Brussels, Belgium – A report from the European Commission has scrutinized how EU member states recycle their waste, and their conclusions aren’t very optimistic.
The EU’s executive body has issued an “early warning” to 14 countries, half of the member states, who fare particularly badly and risk missing the 2020 target for recycling municipal waste. The EU set a 2020 recycling target of 50% of all total waste and, according to their preliminary findings, half of the member states may not reach that threshold in two years time. Poland, Hungary and Slovakia are among them.
The EU Landfill Directive also obliged member states to reduce landfilling of municipal biodegradable waste to a maximum of 35% by 2016 and 10% by 2035. Half of European countries have already reached the 2016 target, and the other half hasn’t.
Throughout the bloc, the worst recyclers are Malta, Romania, Greece and Cyprus, none of which has recycled more than 20% of their total waste. With a mere 7% recycling rate and 83% of its waste going to landfills, Malta is crowned the “dirtiest man of Europe” – far ahead of Romania (13% recycling rate), Greece and Cyprus (both 17%).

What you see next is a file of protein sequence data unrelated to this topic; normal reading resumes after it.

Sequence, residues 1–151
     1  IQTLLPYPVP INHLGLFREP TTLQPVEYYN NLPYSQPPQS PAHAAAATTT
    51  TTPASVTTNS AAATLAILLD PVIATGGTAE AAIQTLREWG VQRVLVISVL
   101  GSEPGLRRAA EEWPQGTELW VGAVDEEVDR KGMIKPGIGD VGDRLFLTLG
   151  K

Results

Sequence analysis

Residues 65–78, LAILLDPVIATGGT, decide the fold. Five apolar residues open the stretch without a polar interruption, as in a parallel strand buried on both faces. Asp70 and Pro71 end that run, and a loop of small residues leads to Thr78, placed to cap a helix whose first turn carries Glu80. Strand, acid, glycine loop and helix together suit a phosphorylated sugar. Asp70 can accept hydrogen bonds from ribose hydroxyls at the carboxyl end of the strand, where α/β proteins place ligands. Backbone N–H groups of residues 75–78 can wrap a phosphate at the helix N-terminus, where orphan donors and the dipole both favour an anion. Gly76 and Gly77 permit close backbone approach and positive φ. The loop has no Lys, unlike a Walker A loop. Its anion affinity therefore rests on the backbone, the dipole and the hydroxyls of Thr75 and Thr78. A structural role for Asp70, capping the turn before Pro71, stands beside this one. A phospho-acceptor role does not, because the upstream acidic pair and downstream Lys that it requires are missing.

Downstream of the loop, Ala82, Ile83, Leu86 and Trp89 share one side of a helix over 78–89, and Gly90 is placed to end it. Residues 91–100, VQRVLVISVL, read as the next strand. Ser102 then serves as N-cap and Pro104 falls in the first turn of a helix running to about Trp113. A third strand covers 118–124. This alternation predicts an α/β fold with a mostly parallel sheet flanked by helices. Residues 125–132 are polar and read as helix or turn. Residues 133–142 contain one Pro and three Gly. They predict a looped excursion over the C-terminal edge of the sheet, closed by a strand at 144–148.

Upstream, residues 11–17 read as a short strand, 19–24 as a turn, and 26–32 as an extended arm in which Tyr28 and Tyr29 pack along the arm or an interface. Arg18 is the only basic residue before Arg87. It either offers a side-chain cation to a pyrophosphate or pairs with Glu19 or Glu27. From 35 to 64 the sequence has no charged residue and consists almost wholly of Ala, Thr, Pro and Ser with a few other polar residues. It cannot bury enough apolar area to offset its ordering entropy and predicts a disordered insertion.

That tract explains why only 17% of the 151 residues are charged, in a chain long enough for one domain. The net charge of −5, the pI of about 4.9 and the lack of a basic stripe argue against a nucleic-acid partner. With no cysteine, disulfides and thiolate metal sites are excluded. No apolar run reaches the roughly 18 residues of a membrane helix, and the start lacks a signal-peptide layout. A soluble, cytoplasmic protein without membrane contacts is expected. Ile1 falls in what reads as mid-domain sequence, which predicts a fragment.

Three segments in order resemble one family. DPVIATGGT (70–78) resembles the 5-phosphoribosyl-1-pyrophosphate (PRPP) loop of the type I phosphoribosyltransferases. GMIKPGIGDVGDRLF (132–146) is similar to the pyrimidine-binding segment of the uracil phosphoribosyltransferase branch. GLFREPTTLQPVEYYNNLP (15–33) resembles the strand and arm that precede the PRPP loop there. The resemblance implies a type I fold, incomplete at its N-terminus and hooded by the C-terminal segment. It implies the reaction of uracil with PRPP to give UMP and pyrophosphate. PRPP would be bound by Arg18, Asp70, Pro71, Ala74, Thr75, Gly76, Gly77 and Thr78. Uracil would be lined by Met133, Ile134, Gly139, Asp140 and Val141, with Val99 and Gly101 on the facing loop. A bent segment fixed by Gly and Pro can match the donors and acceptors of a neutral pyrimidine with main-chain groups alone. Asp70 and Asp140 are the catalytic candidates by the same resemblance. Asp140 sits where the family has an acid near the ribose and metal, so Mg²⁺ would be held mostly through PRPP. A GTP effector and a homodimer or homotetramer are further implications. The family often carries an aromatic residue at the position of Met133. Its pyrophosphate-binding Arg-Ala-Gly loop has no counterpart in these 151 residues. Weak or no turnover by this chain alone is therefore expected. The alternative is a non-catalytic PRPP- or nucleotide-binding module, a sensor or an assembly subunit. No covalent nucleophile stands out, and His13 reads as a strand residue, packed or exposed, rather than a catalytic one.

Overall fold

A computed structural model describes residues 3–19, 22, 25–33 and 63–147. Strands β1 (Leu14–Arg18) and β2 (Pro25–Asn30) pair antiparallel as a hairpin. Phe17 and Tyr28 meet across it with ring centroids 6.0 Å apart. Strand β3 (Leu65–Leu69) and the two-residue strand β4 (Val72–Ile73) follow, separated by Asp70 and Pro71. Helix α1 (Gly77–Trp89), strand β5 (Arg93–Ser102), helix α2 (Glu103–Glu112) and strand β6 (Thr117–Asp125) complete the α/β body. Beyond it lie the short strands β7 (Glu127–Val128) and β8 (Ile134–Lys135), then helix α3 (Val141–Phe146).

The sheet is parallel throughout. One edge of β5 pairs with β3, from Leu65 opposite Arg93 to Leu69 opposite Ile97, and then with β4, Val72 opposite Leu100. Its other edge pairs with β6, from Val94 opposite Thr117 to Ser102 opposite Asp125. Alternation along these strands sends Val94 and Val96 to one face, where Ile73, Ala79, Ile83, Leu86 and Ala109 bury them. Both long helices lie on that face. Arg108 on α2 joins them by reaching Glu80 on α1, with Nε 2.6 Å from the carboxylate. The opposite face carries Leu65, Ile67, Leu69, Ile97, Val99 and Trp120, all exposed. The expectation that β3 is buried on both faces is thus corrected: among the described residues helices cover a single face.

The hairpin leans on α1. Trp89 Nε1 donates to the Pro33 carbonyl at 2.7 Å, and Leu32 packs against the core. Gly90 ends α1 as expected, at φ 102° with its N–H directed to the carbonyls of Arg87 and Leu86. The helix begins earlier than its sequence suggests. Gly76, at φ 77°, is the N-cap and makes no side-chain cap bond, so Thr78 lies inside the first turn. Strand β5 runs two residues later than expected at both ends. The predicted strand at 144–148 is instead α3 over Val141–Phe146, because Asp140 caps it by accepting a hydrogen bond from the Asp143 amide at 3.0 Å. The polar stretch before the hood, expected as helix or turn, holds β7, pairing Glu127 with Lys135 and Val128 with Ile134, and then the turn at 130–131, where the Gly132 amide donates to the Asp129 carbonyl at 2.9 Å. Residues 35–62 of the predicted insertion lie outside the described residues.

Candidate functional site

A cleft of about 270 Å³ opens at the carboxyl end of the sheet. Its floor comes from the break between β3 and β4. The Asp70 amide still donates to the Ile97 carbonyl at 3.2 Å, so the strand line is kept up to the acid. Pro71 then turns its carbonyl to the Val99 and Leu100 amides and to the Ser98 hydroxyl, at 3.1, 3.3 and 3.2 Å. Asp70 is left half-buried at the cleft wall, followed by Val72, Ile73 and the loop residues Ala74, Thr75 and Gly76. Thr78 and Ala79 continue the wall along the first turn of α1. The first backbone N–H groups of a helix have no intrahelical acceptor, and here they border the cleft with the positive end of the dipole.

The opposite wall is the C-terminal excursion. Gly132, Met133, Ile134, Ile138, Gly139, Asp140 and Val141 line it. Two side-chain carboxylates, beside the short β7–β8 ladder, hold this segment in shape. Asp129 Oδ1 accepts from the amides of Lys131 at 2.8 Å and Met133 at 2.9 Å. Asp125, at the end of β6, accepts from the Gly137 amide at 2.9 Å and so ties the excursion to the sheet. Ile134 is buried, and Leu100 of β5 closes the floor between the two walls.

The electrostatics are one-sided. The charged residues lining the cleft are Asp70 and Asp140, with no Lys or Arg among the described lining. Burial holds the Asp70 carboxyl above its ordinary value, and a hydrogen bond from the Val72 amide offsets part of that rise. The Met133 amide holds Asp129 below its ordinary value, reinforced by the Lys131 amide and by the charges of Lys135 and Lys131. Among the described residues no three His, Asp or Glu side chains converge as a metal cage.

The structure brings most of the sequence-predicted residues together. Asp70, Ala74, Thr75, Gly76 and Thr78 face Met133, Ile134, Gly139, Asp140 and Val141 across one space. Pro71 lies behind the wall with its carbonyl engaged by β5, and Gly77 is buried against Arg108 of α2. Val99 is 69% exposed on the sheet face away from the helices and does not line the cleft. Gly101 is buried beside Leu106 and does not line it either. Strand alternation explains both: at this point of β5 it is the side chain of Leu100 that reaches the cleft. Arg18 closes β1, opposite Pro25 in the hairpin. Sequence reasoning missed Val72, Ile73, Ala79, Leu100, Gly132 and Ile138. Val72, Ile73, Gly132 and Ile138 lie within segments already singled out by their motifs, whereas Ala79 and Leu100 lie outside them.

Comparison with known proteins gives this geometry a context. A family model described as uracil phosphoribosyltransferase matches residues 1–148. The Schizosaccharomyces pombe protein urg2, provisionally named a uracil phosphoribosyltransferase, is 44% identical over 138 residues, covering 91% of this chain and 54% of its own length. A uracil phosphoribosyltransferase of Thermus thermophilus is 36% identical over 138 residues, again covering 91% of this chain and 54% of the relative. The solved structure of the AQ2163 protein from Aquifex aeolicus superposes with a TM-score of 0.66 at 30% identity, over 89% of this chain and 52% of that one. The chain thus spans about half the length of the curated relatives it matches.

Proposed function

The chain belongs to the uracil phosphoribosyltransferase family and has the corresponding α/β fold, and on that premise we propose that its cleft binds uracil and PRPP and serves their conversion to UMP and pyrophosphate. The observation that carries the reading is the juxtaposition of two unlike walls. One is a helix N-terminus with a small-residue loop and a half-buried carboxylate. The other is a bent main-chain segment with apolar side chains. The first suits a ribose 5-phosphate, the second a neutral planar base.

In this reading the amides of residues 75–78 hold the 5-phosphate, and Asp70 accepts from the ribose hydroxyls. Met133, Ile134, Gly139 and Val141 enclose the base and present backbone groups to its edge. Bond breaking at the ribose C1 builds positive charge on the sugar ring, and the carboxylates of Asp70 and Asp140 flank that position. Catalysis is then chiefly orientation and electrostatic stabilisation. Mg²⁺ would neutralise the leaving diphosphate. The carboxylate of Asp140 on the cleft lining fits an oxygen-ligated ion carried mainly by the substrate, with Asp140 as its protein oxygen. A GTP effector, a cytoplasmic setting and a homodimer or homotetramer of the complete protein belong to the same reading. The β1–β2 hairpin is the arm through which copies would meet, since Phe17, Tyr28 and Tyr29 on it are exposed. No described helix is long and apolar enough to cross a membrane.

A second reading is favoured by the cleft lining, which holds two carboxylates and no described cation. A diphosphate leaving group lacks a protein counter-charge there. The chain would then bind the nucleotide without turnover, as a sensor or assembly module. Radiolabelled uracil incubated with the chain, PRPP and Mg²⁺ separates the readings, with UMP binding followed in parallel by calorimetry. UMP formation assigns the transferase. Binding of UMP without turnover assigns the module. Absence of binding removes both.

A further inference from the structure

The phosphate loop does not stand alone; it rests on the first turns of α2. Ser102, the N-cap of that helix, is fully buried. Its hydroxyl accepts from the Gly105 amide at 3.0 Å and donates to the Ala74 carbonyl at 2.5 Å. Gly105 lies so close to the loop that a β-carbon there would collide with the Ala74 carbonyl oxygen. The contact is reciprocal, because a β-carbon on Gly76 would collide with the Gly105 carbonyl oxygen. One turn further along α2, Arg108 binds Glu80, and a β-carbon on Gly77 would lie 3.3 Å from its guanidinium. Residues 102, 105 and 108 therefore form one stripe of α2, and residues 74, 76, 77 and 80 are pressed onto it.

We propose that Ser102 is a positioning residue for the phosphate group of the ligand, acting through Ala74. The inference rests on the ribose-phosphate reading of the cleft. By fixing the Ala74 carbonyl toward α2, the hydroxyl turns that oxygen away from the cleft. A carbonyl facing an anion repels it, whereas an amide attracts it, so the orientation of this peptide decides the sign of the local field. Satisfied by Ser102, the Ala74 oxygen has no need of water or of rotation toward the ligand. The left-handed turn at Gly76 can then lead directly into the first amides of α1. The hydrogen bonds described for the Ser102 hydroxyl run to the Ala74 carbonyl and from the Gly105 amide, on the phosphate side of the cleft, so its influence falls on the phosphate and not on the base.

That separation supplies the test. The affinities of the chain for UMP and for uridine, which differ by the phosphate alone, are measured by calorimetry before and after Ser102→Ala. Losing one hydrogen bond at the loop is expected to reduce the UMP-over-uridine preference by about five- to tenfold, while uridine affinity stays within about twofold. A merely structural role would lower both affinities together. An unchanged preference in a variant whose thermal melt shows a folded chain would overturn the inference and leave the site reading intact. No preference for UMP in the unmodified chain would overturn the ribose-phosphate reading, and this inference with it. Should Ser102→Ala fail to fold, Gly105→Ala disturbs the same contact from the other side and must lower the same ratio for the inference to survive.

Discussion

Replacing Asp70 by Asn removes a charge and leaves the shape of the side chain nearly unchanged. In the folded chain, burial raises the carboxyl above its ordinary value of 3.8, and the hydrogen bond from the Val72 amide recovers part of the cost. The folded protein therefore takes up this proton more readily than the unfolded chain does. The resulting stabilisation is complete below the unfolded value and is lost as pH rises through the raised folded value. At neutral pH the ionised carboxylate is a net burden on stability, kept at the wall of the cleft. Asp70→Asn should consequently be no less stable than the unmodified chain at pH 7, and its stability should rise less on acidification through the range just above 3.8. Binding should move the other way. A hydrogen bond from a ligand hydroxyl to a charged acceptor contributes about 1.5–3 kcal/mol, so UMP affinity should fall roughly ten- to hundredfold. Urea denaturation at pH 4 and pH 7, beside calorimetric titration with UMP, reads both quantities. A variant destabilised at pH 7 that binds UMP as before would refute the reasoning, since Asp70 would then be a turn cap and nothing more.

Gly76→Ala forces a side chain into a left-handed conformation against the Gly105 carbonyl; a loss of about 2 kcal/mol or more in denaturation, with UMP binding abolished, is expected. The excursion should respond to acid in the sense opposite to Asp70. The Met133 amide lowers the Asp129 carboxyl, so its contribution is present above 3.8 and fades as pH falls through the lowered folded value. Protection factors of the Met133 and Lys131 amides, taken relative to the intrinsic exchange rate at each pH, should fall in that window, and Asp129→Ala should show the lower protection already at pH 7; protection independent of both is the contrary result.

Central European countries, although far from producing the most waste throughout the bloc, aren’t doing too good either when it comes to recycling it. In 2016 – latest data available – Slovakia’s municipal waste recycling rate (including composting) stood at 23% and its landfilling rate was 65%.
The situation was slightly better in Hungary (35% of municipal waste recycled and landfilling rate of 51%) and Poland (respectively 44% and 36%), the latter thus standing out as “the best” of Europe’s worst recyclers.
And how about plastic? The average recycling rate of plastic waste stands at 42% in the European Union. Since 2005, it has increased by more than 18 percentage points, when it stood at 24%, and only decreased in one EU country, Estonia.
Hungary (31%) is the only Central European countries that stills stands below average. The Czech Republic (60%), who recently took action to limit the use of single-use plastic items, as well as Slovakia (52%) and Poland (47%) were all above, but remain far behind European champions like Lithuania (75%), Cyprus (64%) and Slovenia (62%). In October, the European Parliament voted in favor of a ban on a number of single-use plastic items, including straws, cutlery and plates, which is due to take effect by 2021.